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My teacher gave us an homework. I solved it, but I don't think I have the right answer.


We have three coins identical in appearance.

  • Coin A falls on tails and heads with equal probability
  • Coin B falls twice as much on tails as heads
  • Coin C always falls on tails

We choose a coin at random and toss it. It falls on tails.

What is the probability to get tails on the next toss, if we toss the same coin?


Soient les événements

A = "choose coin A" = {t, h}

B = "choose coin B" = {t, t, h}

C = "choose coin C" = {t}

E, get tails at the second throw

We are looking for $P(E)$. Knowing $P(E|A)=1/2$, $P(E|B) = 2/3$ and $P(E|C)=1$.

\begin{split} P(E)& = P(E|A)P(A) + P(E|B)P(B) + P(E|C)P(C)\\ & = \frac{1}{2}\cdot\frac{1}{3} + \frac{2}{3}\cdot\frac{1}{3} + 1 \cdot\frac{1}{3}\\ & = 13/18 = 0,7 \overline{2} \end{split}

ANSWER : 72%

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This doesn't make any use of the fact that you got tails on the first throw. You were probably meant to use Bayes' Theorem to compute $P(A\mid T)$, $P(B\mid T)$, and $P(C\mid T)$, where $T$ is the event that you got tails on the first throw. Then you can compute $P(E\mid T)$ using these probabilities. – David Moews Feb 13 '13 at 23:06
$P(A|T) = \frac{P(T|A) P(A)}{P(T)}$, where $P(A) = 1/2$, $P(A)=1/3$ and $P(T) = 2/3$, is that right? – Justin D. Feb 13 '13 at 23:14
Ok, I was wrong for $P(T)$ – Justin D. Feb 13 '13 at 23:17
up vote 2 down vote accepted

What you have to do in this case is update your priors according to your observation. Your first prior distribution for selecting a coin was (I assume) $\left(\frac{1}{3},\frac{1}{3},\frac{1}{3}\right)$.

Now that you've seen tails, the probabilities for the coin you're holding change; using Bayes' theorem: $$P(A|tails) = P(tails|A)\frac{P(A)}{P(tails)} = \frac{3}{13}$$ where $P(A)=\frac{1}{3}$, $P(tails)=\frac{13}{18}$ as you calculated, and $P(tails|A) = \frac{1}{2}$

Similarly, you can get $$P(B|tails) = P(tails|B)\frac{P(B)}{P(tails)} = \frac{4}{13}$$ $$P(C|tails) = P(tails|C)\frac{P(C)}{P(tails)} = \frac{6}{13}$$

So your new priors are $\left(\frac{3}{13},\frac{4}{13},\frac{6}{13}\right)$, and $$P(tails|new\ priors) = \frac{1}{2}\cdot\frac{3}{13} + \frac{2}{3}\cdot\frac{4}{13} + 1\cdot\frac{6}{13} = \frac{61}{78}$$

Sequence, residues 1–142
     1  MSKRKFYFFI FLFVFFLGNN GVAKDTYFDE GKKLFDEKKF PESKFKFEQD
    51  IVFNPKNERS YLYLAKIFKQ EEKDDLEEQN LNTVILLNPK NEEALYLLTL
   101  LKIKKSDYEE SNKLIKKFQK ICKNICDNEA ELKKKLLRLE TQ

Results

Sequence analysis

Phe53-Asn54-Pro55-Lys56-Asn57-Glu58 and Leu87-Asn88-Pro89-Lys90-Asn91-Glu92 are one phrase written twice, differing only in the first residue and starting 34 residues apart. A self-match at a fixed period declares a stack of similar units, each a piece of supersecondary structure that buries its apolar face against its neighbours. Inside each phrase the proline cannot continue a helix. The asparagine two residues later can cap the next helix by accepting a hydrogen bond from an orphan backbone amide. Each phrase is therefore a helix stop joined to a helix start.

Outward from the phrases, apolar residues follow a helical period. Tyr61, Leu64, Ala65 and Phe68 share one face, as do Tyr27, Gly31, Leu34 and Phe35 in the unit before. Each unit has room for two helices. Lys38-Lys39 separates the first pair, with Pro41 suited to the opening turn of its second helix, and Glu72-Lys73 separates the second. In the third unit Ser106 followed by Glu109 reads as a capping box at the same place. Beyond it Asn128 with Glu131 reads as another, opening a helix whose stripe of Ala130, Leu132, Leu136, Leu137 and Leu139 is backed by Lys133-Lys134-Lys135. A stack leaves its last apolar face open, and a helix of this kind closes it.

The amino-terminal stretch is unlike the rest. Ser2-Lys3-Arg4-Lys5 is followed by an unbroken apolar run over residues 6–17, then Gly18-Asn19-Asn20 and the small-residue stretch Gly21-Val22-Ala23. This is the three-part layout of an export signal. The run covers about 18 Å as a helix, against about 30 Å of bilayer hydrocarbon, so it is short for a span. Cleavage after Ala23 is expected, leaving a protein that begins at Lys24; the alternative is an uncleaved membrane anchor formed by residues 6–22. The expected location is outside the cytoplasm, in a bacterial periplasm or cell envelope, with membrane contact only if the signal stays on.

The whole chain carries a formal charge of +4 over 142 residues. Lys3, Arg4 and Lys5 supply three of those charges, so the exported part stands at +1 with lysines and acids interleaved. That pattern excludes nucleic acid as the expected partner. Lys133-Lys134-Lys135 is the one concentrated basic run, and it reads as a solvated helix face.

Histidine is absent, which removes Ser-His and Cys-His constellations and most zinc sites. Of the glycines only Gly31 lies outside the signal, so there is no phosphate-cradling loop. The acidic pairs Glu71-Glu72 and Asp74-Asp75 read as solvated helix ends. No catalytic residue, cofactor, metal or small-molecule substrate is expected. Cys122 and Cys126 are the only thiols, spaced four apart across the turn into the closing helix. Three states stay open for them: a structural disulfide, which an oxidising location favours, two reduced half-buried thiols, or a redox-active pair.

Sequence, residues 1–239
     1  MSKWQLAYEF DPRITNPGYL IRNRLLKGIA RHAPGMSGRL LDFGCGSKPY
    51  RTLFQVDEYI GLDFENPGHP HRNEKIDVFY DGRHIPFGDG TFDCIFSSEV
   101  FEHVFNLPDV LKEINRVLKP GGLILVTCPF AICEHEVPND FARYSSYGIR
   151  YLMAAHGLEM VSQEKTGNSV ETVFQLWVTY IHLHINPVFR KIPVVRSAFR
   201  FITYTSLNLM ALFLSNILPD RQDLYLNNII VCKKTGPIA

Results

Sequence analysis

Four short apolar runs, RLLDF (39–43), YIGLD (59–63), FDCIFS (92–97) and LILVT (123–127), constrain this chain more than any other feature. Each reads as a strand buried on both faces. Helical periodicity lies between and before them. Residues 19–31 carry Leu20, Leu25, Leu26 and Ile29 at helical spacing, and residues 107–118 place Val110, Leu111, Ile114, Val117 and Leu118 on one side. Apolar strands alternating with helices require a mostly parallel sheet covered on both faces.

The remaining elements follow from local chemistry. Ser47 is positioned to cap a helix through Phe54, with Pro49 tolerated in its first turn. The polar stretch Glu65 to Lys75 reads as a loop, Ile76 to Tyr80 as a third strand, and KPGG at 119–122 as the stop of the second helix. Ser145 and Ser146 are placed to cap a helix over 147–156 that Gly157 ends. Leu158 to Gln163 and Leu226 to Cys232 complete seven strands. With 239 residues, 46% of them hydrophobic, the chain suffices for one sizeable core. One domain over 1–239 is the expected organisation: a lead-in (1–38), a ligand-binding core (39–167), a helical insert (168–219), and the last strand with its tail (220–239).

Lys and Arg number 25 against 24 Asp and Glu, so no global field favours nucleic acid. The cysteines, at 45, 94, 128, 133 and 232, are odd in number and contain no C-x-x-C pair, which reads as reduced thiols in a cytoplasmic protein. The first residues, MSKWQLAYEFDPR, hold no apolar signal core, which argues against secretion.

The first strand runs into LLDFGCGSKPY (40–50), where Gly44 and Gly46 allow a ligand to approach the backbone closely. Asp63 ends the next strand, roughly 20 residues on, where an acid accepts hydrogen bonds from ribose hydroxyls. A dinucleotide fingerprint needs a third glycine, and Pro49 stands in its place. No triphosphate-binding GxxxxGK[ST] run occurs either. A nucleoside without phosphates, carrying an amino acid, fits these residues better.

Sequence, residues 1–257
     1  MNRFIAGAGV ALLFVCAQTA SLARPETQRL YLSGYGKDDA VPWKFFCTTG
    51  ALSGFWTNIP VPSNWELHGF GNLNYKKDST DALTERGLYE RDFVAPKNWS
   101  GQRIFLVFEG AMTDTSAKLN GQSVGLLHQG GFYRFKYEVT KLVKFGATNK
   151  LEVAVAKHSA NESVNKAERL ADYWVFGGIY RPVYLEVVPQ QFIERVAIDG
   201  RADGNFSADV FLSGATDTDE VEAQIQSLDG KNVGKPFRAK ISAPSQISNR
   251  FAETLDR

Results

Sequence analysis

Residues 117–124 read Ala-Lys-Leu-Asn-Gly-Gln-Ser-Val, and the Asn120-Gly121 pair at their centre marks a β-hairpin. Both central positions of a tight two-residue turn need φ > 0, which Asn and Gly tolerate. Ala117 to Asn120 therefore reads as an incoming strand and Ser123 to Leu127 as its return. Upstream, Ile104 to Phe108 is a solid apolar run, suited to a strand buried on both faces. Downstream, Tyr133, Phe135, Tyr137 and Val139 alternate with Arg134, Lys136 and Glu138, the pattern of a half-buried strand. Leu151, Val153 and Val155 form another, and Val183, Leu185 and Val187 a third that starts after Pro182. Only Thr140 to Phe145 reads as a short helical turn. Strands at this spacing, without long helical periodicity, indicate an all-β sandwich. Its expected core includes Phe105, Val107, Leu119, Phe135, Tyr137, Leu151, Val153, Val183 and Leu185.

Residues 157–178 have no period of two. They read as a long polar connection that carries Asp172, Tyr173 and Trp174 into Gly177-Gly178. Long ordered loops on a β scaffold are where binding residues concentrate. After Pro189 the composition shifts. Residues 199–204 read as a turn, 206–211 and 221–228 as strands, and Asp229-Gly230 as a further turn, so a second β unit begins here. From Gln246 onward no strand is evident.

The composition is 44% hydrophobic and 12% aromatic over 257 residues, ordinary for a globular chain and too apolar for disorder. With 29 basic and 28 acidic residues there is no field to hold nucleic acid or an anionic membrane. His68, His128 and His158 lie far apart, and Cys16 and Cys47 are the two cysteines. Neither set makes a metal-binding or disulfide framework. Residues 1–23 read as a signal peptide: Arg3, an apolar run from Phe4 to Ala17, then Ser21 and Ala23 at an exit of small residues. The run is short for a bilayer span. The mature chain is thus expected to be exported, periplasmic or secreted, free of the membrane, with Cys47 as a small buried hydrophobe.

(up to possible calculation errors)

And if you see only more $tails$ in the future, you'll have better and better reason to believe you picked coin $C$, and your probability for the next $tails$ will tend to $1$.

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In the last step, arent you multiplying each $P(C|T)$ by the associated $P(T|C)$? Then adding them? What does that yield? – CogitoErgoCogitoSum Feb 13 '13 at 23:39
$P(X|T)$ is the new probability for having selected coin $X$ after having seen $tails$, so this is just the law of total probability, just like OP did to compute $P(T)$. – Alfonso Fernandez Feb 13 '13 at 23:47
I feel as though you are changing the meaning of the variable to justify the operation. I know that $P(X|T)$ is, I dont need that explained. I need you to explain why you multiply $P(X|T)$ by $P(T|X)$. – CogitoErgoCogitoSum Feb 13 '13 at 23:54
$P(T) = \sum P(T|X)P(X)$ but we are given that the flip yielded tails, so we limit ourselves to a world where tails was yielded. With slight abuse of notation this is $P(T|T) = \sum P(T|X,T)P(X|T)$, where $P(T|X,T)$ represents the probability of getting tails given that we're using coin $X$ and that we got tails last time; the probability of coin $X$ yielding tails is independent of previous observations, so $P(T|X,T)=P(T|X)$, and $P(T|T) = \sum P(T|X)P(X|T)$. – Alfonso Fernandez Feb 14 '13 at 2:08

I guess it is 61/78.

From the probabilities you get a total of 13/18 for a tail answer, but the dependent source is

  • A: (3/13)*(3/6))
  • B: (4/13)*(4/6)
  • C: (6/13)*(6/6)

which is (9+16+36)/(13*6) = 61/78 which is about 78%.

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Well, there's your problem. Its in French.

$P(T|A) = 1/2, P(T|B) = 2/3, P(T|C) = 1/1$

$P(A) = P(B) = P(C) = 1/3$

$P(TA) = P(T|A) P(A) = 1/6$